"Bankers are likeable rascals. Now that we are all wise to 'em, it's been shown that they don't know any more about finances than the rest of us know about our businesses, which has proved to be nothing." DT #1924, Oct. 4, 1932
"But we can't alibi all our ills by just knocking the old banker. First he loaned the money, then the people all at once wanted it back, and he didn't have it. Now he's got it again, and is afraid to loan it, so the poor devil don't know what to do." DT #1833, June 8, 1932
"We never will have any prosperity that is free from speculation till we pass a law that every time a broker or person sells something, he has got to have it sitting there in a bucket, or a bag, or a jug, or a cage, or a rat trap, or something, depending on what it is he is selling. We are continually buying something that we never get from a man that never had it." DT #1301, Sept. 24, 1930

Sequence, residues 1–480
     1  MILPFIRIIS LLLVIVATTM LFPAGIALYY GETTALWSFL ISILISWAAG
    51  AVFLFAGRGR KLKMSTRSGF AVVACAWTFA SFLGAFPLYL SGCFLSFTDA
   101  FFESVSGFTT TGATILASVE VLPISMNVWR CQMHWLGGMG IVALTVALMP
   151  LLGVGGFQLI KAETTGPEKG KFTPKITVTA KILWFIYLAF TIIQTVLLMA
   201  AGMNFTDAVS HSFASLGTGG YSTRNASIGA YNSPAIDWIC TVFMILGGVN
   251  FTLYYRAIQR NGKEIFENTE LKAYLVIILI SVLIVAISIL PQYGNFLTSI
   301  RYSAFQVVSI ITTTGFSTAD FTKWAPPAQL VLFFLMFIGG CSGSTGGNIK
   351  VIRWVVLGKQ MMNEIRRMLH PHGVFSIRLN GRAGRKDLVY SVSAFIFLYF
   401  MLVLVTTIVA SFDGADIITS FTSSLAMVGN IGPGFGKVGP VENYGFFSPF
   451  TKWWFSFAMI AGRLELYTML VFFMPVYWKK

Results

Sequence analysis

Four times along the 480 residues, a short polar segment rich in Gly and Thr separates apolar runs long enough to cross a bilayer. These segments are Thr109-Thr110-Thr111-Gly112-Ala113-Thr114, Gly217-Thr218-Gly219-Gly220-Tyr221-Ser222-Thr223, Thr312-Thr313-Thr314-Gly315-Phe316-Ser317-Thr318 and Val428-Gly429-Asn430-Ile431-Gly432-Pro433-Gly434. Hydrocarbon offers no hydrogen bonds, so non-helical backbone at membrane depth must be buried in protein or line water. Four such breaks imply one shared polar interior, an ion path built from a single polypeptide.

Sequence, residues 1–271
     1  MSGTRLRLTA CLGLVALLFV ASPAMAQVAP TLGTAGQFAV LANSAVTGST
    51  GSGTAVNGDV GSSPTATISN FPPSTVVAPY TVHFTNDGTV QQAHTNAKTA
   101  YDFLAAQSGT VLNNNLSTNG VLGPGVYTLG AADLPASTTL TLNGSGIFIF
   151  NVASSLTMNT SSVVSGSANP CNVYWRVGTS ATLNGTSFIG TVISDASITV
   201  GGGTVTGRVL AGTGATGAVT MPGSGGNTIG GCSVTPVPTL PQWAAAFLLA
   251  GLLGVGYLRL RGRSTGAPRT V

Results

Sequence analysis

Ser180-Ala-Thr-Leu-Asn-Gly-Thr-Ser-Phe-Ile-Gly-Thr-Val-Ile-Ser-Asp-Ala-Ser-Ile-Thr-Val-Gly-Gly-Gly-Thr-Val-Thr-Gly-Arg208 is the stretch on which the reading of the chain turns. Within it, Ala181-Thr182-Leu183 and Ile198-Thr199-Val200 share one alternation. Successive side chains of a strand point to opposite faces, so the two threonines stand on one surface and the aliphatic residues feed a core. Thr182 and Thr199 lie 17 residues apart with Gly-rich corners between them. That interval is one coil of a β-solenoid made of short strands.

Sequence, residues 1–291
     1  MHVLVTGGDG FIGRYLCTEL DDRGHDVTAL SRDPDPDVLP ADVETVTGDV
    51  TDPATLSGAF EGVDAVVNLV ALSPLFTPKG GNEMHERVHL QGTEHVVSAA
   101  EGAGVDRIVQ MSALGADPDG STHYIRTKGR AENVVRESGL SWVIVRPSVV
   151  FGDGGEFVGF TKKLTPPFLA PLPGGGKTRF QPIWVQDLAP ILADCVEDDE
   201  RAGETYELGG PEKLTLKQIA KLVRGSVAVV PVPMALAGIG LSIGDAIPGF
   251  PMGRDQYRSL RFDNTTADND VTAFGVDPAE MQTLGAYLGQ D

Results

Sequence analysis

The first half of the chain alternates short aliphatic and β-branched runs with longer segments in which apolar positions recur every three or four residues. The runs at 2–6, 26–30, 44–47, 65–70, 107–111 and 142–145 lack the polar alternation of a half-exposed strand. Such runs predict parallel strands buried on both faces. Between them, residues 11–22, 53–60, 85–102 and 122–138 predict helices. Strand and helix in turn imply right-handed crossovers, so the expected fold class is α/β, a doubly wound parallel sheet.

"Just been talking today out here to all the Senators investigating these stock swindles and overcapitalizations. There has been hundreds of millions lost. There ought to be some form of guardianship for people that buy all this junk. Education won't do it. (The buyers are) the ones we have educated up till they are just smart enough to fall for everything that comes along." DT #2270, Nov. 12, 1933
"The whole financial structure of Wall Street seems to have fallen on the mere fact that the Federal Reserve Bank raised the amount of interest from 5 to 6 per cent. Any business that can't survive a 1 per cent raise must be skating on mighty thin ice... But let Wall Street have a nightmare and the whole country has to help get them back in bed again." DT #950, Aug. 12, 1929
"It's no laughing matter being a Republican in these perilous times. Anyone can be a Republican when the stock market is up, but when stocks are selling for no more than they're worth, I tell you, being a Republican – it's a sacrifice." Oct. 14, 1934
"I am not against (bull fighting). Every nation has their own affairs and own sports. Some nations like to see blood, and some like to see their victims suffer from speculation. It's all in your point of view. They kill the bull very quick. Wall Street lets you live and suffer." DT #1646, Nov. 1, 1931
Will Rogers Today (Randall Reeder)